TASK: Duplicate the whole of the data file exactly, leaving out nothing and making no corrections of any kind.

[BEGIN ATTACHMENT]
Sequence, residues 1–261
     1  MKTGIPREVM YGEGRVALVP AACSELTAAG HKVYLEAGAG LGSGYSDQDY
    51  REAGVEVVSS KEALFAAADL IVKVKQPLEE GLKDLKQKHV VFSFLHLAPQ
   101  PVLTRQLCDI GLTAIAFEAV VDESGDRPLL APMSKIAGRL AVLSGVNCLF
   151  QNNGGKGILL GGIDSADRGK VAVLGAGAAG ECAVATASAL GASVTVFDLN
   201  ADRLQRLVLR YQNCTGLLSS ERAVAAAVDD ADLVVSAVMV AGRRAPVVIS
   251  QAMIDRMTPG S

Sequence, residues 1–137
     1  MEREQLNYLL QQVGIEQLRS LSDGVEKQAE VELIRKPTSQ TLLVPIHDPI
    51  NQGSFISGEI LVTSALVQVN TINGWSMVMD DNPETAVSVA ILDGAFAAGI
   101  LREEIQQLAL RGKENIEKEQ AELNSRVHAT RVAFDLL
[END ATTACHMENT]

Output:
Sequence, residues 1–261
     1  MKTGIPREVM YGEGRVALVP AACSELTAAG HKVYLEAGAG LGSGYSDQDY
    51  REAGVEVVSS KEALFAAADL IVKVKQPLEE GLKDLKQKHV VFSFLHLAPQ
   101  PVLTRQLCDI GLTAIAFEAV VDESGDRPLL APMSKIAGRL AVLSGVNCLF
   151  QNNGGKGILL GGIDSADRGK VAVLGAGAAG ECAVATASAL GASVTVFDLN
   201  ADRLQRLVLR YQNCTGLLSS ERAVAAAVDD ADLVVSAVMV AGRRAPVVIS
   251  QAMIDRMTPG S

Sequence, residues 1–137
     1  MEREQLNYLL QQVGIEQLRS LSDGVEKQAE VELIRKPTSQ TLLVPIHDPI
    51  NQGSFISGEI LVTSALVQVN TINGWSMVMD DNPETAVSVA ILDGAFAAGI
   101  LREEIQQLAL RGKENIEKEQ AELNSRVHAT RVAFDLL